Jason Rapp

Decorated #SCartists highlight new gallery exhibition

SCAC fellows, Governor's Award recipients featured

Unnamed by Edward Rice Unnamed by Edward Rice. 2019-2020. Oil. 84x42.

What's going on? What does it mean? What's next? What really matters?

These are questions asked by Hampton III Gallery at its new exhibition, In Times Like These, which runs July 9 through August 29, 2020. From the gallery:

As our world changes, artists continue to create and explore through visual language. In Times Like These is an exhibition that allows the viewer to enter into the personal space of 20 Hampton III Gallery artists.These artworks were created from March through June 2020. All are on display in the center gallery. Visitors are welcome to view the exhibition during regular hours. Social distancing will be observed and masks are required during this time. 

Featured among the 20 Southern artists in the exhibition are several from South Carolina represented by the gallery, including recipients of two of the South Carolina Arts Commission's highest honors: individual artist fellowships or the Governor's Arts Award.

SCAC Fellows

  • Alice Ballard
  • Dr. Philip Mullen
  • Edward Rice

Governor's Award recipients

  • Jeanet Dreskin
  • Dr. Philip Mullen
  • Edward Rice
  • Tom Stanley
  • Dr. Leo Twiggs
Hampton III Gallery is itself a 2019 recipient of the Governor's Arts Award.
Going? Hampton III Gallery is located outside Greenville in Taylors at 3110 Wade Hampton Blvd., Suite 10. Gallery hours are Tuesday-Friday from 1-5 p.m. and Saturday from 10 a.m. to 5 p.m. and other times by appointment. Free.   

Jason Rapp

Introducing Hub E-vents

Finding art while staying home


You, The Hub, and #SCartists walk into a bar are under stay at home/stay at work orders. You and The Hub want art. You crave art. #SCartists and arts organizations want to fill that void. They live for that. It's a calling. Yet in times of social distancing, that's hard to do. Through the wonders of modern technology, many are trying and succeeding. So while we're all staying home to protect vulnerable family, friends, and neighbors,  The Hub is stepping up to fill the void between artists and arts lovers. Today we're introducing a new (temporary) venture we're calling Hub E-vents to help get the wonderful work of #SCartists we serve to you through The Hub at the S.C. Arts Commission Facebook feed.
  • Aren't events supposed to be on Arts Daily? Fact check: TRUE. Our team is working to bring Arts Daily back to full capacity, but the Arts Daily process requires significant advance notice, and many of the "e-vents" we're seeing are coming together, well, quickly. Let that inspiration strike! Let us know. If we see it in time and if we can, we'll help.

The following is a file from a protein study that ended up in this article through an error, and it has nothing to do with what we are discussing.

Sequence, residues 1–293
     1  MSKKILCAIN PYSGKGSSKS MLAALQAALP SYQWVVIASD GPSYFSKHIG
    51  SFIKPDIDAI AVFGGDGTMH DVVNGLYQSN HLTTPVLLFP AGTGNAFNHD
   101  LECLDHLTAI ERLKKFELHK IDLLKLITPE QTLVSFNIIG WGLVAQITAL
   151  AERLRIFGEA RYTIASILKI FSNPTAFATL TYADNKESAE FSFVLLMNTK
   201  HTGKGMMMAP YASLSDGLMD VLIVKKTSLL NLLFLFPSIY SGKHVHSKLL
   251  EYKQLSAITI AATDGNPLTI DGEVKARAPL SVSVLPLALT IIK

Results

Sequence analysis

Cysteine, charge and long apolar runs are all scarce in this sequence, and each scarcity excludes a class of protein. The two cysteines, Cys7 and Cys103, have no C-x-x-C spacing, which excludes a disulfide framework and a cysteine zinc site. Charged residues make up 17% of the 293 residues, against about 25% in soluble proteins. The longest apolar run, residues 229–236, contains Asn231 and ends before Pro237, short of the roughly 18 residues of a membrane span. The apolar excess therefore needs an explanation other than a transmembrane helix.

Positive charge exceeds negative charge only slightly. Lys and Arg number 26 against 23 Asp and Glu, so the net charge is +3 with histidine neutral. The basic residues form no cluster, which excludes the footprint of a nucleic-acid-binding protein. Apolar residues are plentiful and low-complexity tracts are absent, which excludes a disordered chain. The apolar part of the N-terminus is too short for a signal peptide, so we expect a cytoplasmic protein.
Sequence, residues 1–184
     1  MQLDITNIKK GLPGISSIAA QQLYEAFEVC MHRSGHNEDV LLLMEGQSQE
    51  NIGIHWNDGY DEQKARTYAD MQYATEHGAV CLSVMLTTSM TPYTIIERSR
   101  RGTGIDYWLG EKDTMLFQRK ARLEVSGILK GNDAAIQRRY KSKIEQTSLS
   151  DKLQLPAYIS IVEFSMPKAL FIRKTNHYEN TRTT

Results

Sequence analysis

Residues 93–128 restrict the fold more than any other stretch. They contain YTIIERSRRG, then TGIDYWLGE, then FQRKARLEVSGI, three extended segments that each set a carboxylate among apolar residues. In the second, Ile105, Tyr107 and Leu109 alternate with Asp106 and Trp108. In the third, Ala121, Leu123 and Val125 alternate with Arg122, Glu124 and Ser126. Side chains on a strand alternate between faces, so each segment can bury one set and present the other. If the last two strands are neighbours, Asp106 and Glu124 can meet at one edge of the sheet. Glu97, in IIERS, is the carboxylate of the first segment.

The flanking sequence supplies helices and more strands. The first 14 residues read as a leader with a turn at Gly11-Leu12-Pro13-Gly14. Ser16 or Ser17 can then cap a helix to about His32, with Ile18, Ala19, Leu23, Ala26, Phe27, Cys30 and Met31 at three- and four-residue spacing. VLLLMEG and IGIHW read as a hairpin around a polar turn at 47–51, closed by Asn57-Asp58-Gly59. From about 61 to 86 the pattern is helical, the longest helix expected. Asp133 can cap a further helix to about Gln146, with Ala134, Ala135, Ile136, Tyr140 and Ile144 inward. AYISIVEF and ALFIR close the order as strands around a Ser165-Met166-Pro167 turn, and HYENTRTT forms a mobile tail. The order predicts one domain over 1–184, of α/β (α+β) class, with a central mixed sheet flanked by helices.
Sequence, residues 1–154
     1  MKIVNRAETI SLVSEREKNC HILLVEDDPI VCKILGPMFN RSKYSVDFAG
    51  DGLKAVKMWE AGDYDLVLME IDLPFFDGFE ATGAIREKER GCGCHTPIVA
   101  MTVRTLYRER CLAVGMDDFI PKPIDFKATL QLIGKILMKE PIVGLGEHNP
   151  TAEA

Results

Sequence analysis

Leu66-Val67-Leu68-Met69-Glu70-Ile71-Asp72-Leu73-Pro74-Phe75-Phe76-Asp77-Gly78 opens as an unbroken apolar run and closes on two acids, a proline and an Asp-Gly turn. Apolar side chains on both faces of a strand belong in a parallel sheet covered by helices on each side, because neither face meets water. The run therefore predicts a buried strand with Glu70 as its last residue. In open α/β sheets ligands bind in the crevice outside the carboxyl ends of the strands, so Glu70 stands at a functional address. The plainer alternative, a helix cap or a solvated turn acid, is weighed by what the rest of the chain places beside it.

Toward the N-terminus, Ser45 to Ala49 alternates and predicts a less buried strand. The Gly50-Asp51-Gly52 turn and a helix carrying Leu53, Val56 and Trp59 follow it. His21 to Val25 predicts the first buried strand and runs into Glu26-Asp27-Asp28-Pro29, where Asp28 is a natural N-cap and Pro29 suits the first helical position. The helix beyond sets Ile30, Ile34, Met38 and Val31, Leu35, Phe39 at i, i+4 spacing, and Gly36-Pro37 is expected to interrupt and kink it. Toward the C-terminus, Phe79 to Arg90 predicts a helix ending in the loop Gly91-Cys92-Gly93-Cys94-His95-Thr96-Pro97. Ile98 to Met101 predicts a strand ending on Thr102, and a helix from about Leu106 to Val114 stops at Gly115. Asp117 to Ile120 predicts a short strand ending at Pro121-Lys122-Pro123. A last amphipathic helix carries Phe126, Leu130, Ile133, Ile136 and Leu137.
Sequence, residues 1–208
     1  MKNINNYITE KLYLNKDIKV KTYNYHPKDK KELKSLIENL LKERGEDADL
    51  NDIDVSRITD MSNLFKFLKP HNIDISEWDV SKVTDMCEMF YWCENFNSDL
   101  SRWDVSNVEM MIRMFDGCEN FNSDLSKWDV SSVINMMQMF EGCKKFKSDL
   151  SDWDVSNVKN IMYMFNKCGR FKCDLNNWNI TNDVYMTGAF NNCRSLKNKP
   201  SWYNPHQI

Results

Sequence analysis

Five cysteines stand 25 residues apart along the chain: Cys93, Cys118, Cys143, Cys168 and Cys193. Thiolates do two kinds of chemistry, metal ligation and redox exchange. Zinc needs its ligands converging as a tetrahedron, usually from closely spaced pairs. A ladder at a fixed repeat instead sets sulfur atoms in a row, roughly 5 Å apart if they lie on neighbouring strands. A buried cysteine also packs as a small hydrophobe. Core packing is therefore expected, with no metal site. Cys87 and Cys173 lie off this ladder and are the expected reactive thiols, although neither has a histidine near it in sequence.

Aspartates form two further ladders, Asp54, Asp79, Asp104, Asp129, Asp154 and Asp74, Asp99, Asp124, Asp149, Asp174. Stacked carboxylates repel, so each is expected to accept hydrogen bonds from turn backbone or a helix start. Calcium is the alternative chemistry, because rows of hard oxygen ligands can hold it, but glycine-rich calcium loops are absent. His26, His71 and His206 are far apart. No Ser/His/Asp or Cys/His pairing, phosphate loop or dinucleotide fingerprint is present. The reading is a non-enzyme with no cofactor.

• Those are two big caveats. How do we let you know? First, there was another, initial caveat. This is only a temporary feature. As for the others... as you can imagine, the folks who provide this content can quickly become overwhelmed by volume, which is why there are separate submission processes for The Hub (news) and Arts Daily (events) and each has its own mission. Tag the "@scartscomm" on your Facebook post about your event. We’ll share it to our statewide (and beyond) network. Events with enough advance notice are eligible for Hub E-vents posts which, like our recurring “Tuning Up” feature will be curated and go out as events warrant. If there are sporadic events, we’ll post sporadically. If there are more, we’ll post more. We’ll do our best.

Looking for events?

Ready for some online art events? Click on the "Hub E-vents" tag or click here.

So let's do this!

Click image to visit event website.

Submitted material

GSSM student art brings STEAMy weather to Hartsville

(Ed. note: The Hub frequently brings you news and opportunities from SCGSAH—South Carolina Governor's School for the Arts & Humanities. Today will be no different, as you'll see later, but this morning we have arts news from another Governor's School... the one for science and math. We're no meteorologist, but it looks like a STEAMy Monday on The Hub...)


The South Carolina Governor's School for Science & Mathematics (GSSM) student artwork will be on exhibition at the Hartsville Museum, March 2-31 in conjunction with National Youth Art Month. Works in the GSSM Student Art Exhibition were created through multiple modes of learning including traditional visual arts courses and innovative, student-choice opportunities in GSSM’s on-campus art studio. Various media represented in the student exhibit include graphite, charcoal, Conté, pen & ink, colored pencils, acrylic on canvas, watercolor, carved wood, altered books, printmaking, stained indigenous terracotta, glazed stoneware and sculptures created in non-traditional media. Students engaged with professional artist Patz Fowle to deepen their understanding of visual art while developing skills, techniques, and processes to create meaningful 2-D and 3-D works. In addition to the courses Fowle teaches, she also offers residential students innovative, student-choice opportunities. Such opportunities include access GSSM’s art studio to work independently, invitations to attend various creative workshops, and the opportunity for students to lead their own workshops. Students are also invited to participate in public art exhibitions and collaborate on significant endeavors like the Mother Earth Project; Frederic Douglass portrait, or other works created with traditional and non-traditional media. “Art is a strong unifying element within a community,” says Fowle, visual arts coordinator at GSSM. “Creative collaboration between the Hartsville Museum and the South Carolina Governor’s School for Science & Mathematics is a beneficial bridge connecting Hartsville’s history to Hartsville’s future, through art, education, and culture.” Exhibiting student artists include: